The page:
LESSON I. Mary rising up went into the hill-country, and as St. Luke says, with haste: "And tell us now, O Mary," exclaims St. Alphonsus Liguori, "why dost thou hasten so?" "I have a duty to fulfill she replies, "which the love of my neighbor requires. I go to assist a pious family." In like manner you also should hasten to carry help and consolation to your neighbor. II. Mary visited her cousin out of true love, not from inconsiderate curiosity or according to the custom of the world. From such motives we should make all our visits. They should aim always only at the honor of God and the spiritual advantage of our fellow-men, they should not come from false politeness or through bad intentions, which alas! are too often the motives of worldly visits. III. Mary in this visit gives a special example of humility, when she, although the Mother of God, visits the mother of His servant, John, saluting her first, and rendering her for three months the services of a maid. - Learn from Mary, and sincerely ask her to obtain for you the virtue of humility. IV. When Mary was praised by her cousin and called blessed, she turned the praises at once to God and gives Him all the honor. When we do any good, we should always give the honor to God, not to ourselves, as the prophet says: Not to us, not to us, but to thy name give glory! V. When Mary entered into Zachary's house, wonderful grace entered with her. The infant John leaped for joy, because sanctifying grace was then given to him, before he was born; Elizabeth was filled with the Holy Ghost, and Zachary, St. John's father, was soon to be consoled by regaining the use of speech.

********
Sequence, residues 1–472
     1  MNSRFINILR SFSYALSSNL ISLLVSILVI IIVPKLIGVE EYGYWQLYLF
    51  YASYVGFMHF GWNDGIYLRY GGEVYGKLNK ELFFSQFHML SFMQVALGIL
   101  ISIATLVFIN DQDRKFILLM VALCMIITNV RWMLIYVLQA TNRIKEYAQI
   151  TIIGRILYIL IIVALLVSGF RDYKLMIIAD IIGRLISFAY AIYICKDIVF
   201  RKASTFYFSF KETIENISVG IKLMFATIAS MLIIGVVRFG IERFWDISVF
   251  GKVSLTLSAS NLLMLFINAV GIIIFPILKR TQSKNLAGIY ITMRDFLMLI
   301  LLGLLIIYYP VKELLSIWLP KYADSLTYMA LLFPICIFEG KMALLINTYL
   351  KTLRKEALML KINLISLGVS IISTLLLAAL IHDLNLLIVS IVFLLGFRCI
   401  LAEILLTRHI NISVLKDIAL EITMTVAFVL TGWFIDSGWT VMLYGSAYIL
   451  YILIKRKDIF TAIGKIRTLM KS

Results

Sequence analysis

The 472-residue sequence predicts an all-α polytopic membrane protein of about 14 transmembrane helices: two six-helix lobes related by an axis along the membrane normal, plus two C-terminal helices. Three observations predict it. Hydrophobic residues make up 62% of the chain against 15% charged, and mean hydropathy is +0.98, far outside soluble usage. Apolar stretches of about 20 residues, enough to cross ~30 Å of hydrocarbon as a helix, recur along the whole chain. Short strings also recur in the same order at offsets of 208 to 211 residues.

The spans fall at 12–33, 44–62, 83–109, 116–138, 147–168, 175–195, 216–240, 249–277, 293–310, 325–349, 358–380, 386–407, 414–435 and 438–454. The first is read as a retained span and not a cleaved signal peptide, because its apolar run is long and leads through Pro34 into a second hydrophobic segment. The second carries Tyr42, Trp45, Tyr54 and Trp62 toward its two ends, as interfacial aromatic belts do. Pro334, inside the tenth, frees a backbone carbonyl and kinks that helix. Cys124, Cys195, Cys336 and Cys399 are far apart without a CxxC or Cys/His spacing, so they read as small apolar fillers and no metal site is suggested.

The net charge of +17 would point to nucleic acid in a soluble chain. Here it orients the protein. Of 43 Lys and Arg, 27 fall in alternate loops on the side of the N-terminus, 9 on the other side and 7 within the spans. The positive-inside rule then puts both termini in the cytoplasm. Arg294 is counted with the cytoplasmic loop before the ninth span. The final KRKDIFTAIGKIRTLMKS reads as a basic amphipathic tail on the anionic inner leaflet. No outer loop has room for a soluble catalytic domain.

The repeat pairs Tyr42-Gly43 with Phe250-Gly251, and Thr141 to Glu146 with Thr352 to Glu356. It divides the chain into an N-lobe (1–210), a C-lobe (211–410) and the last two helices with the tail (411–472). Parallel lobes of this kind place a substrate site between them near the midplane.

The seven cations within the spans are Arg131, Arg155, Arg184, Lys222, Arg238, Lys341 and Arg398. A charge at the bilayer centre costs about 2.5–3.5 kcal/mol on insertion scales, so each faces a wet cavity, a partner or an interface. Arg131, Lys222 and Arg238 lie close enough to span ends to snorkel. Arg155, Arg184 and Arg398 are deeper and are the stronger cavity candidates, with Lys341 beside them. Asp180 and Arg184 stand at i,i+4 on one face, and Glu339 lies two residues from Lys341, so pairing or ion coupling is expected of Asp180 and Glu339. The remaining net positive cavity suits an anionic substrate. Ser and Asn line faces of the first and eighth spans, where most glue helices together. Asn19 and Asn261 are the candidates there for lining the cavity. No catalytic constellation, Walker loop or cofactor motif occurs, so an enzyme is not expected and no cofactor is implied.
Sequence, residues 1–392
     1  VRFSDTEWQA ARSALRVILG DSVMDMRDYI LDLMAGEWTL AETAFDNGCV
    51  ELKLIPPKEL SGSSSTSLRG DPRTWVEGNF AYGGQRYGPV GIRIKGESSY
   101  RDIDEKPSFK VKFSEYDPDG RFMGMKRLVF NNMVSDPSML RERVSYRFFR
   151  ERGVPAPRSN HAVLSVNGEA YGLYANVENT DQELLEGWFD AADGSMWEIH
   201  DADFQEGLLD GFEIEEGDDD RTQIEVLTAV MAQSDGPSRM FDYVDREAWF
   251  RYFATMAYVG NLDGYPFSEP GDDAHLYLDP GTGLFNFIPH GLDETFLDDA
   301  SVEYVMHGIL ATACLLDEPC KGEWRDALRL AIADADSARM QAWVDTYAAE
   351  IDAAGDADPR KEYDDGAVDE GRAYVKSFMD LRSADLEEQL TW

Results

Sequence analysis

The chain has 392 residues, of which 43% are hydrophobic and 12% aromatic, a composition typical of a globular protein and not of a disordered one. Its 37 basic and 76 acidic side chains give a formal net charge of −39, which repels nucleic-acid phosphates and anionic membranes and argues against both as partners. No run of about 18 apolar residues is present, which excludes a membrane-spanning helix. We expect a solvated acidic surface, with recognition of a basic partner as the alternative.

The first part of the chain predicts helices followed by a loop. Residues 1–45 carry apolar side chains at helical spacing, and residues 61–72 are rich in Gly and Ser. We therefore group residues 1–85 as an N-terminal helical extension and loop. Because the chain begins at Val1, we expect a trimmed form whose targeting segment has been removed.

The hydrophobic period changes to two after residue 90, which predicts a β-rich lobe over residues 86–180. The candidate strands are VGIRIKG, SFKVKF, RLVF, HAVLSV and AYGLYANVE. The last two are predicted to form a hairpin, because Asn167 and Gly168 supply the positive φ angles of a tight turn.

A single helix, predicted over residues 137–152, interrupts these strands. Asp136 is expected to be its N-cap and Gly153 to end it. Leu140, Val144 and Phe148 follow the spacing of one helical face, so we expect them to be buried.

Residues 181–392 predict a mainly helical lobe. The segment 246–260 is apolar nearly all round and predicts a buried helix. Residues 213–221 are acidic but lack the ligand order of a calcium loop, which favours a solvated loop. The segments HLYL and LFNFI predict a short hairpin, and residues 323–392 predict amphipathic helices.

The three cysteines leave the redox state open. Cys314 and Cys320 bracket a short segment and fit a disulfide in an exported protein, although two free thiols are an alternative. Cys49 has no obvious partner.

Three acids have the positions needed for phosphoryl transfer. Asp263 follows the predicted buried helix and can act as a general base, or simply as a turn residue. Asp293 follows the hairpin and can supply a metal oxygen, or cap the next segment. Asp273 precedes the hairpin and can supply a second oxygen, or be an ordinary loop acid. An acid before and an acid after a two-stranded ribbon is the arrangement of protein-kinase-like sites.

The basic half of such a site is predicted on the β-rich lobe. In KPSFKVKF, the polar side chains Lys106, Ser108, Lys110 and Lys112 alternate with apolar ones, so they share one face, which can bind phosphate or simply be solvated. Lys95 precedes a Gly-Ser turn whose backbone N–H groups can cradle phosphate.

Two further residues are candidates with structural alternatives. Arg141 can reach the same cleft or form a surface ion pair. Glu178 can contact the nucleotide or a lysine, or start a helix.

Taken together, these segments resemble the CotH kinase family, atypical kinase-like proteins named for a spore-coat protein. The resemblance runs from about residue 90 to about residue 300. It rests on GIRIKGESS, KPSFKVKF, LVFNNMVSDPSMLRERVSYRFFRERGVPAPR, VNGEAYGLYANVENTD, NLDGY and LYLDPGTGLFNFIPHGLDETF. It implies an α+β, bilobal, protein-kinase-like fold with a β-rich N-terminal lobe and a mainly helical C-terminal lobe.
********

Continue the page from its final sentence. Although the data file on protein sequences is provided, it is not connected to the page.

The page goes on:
"It is then but true," exclaims St. Alphonsus Ligouri, "that through thy mediation, my Queen and Mother, God's graces are dispensed and souls sanctified! Forget me not, Oh! my beloved Mother Mary, forget not me, thy servant, who loves thee and places in thee all his hopes!"


What does this canticle contain?

THE praise of God, Mary's gratitude and humility. In it she praises God, and rejoices that He saw the humility of His hand-maid, and made her the Mother of His only-begotten Son, and, therefore, all generations shall call her blessed. She says that God's mercy is great from generation to generation to those that fear Him: He humbles the proud and casts them down from their seat, which they had erected in their conceit, but gives His grace to the humble and exalts them: He richly fills those who hunger and thirst after virtue and heavenly treasures, but lets those who think themselves rich, go away empty; He receives all true Israelites for His worshipers and leads them to salvation, which He promised to their fathers. "God is mighty;" says St. Augustine, "if thou exaltest thyself, He turns from thee; if thou humblest thyself, He descends to thee."

SUPPLICATION O Lord Jesus Christ, Son of the living- God! who didst descend from the heights of heaven into the womb of the Blessed Virgin Mary, didst remain for nine months in it, deigning to visit and sanctify St. John through her, grant, that we may participate, through the practice of good works and especially of humility, in the fruits of Thy holy Incarnation.